The sculptures, the lawn and most of the workers would not be there
if not for a brewer's grandson named Imants Bus.
Bus, who has turned the dim hopes of the foundering post-Soviet
company into marketing plans and export partners, likes the
rhinoceros sculpture best.
"People walk through here on their way to work, I wanted to make it
nice," he said, strolling through the yard wearing probably Livani's
only pair of suede cowboy boots. "It's something small, but it makes
While many medium-sized privatized companies are still struggling to
find markets in Western Europe and losing gobs of money in the
process, Livanu Stikls has managed to get its vases, fish bowls and
candleholders into shops throughout Germany, Belgium and the
After hobbling through the early years of independence, the company
has retooled, found reliable buyers and last year, for the first
time, it made money.
That alone is a success story for factories in Latvia's regions like
Latgale, where plants that bustled building everything from power
tools to beer bottles for the Soviet Union now often sit rusting.
But Bus refuses to pat himself on the back for too long.
His way of running this business is not much different than the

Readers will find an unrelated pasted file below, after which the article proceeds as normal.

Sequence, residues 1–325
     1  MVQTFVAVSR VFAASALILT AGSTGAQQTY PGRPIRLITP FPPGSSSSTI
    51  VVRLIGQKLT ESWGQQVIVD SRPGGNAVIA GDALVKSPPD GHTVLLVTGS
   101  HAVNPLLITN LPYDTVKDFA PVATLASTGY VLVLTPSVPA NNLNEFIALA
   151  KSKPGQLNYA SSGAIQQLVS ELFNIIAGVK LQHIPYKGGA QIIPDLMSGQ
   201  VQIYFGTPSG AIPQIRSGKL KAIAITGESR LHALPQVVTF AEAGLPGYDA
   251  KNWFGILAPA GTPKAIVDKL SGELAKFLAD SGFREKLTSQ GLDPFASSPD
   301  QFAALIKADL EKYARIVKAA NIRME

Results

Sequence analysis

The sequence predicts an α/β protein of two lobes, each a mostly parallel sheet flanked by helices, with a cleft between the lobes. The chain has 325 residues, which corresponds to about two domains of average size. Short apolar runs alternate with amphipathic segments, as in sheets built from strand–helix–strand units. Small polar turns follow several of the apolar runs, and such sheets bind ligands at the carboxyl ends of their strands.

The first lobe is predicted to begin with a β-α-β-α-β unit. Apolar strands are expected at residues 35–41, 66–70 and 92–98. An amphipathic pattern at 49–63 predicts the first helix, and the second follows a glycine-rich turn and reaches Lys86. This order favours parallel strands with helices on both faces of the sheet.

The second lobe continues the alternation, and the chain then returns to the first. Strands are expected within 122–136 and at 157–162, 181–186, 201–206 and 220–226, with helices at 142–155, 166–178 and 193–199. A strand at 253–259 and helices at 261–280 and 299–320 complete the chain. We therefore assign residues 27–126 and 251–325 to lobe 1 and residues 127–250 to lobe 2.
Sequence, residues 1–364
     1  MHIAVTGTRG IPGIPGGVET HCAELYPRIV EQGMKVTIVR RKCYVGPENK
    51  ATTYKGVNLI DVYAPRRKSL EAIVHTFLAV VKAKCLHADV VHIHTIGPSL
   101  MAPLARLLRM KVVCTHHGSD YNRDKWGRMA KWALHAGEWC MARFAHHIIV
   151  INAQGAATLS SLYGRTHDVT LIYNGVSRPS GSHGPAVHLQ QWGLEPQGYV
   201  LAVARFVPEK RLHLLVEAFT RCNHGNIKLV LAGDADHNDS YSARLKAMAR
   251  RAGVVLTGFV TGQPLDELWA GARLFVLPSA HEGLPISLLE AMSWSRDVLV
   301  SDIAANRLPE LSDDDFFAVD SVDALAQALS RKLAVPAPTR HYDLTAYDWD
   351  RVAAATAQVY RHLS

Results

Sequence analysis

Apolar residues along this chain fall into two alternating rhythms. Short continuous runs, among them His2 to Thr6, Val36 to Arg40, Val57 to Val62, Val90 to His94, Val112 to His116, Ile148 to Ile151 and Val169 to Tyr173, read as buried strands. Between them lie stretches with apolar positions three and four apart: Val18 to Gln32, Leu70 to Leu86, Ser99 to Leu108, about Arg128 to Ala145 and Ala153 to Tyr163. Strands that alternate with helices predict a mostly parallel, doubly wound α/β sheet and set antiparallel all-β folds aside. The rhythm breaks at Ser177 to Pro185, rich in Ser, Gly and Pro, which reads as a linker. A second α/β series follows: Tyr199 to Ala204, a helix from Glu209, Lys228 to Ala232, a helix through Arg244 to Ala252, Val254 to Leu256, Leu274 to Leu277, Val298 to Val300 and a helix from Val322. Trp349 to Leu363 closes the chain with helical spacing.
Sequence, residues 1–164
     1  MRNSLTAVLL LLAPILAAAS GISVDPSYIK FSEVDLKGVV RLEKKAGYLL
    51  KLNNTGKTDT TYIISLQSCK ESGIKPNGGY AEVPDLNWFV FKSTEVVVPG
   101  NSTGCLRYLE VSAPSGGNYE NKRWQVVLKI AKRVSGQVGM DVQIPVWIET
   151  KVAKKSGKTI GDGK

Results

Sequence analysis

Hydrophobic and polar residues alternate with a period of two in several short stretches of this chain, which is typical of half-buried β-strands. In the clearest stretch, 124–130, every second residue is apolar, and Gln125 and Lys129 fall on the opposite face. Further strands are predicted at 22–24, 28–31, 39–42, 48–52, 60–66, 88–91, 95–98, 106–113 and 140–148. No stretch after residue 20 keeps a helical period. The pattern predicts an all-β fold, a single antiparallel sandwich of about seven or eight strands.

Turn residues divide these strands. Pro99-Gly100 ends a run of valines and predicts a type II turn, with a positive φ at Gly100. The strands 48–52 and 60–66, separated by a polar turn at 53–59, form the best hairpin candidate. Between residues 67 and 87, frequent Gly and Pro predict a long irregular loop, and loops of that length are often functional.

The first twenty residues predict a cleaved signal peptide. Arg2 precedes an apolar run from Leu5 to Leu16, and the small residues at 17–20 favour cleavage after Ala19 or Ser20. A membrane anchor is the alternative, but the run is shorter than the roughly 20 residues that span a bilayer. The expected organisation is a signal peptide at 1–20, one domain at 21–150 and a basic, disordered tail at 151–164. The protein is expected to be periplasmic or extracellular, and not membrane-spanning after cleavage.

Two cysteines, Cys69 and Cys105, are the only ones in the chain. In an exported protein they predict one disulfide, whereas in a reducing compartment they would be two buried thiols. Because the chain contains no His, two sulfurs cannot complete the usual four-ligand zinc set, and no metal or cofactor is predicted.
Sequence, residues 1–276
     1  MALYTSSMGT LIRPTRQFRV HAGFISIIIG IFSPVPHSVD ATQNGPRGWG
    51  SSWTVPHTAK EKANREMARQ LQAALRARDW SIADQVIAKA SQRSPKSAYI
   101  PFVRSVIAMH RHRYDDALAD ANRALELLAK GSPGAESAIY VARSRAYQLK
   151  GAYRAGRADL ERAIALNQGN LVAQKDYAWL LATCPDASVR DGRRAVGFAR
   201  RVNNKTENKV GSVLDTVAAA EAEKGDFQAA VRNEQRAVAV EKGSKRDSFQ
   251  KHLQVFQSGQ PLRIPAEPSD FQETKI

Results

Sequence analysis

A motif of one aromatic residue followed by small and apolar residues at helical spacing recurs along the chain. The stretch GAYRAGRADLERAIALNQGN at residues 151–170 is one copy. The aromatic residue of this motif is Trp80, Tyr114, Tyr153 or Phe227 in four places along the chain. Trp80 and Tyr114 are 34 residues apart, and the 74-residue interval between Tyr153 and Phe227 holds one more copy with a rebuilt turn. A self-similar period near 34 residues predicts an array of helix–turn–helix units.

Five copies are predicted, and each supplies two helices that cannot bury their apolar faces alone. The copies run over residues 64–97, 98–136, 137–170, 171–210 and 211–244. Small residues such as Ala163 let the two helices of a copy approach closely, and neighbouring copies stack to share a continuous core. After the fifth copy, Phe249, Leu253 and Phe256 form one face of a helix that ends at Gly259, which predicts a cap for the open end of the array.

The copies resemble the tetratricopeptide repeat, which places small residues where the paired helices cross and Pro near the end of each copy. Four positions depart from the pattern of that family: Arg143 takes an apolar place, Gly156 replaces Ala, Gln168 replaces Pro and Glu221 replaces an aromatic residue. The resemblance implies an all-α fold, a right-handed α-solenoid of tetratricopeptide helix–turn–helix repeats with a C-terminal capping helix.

techniques he learned during a Dale Carnegie course on business
management in 1968 and used at his first gas station in the Queens
section of New York City.
"It's basic things," he said.
A customer recently asked his company to box its order of
candleholders all facing the same way so it could more easily inject
colored decorative jelly before putting them on the shelf.
Normally they would be packed staggered, one standing up, the next
upside down. That's the way it had always been done.
When Bus relayed the request to the packing department, he was met at
first with blank stares.
"I got this reaction like, 'What are you, crazy?" he said.
The customer, he explained, is always right and is no longer always Russian.
Like many of the factories in Livani, a town squeezed long and narrow
by the Daugava River on one side and train tracks leading to Moscow
and beyond on the other, the glass plant was a key Soviet supplier.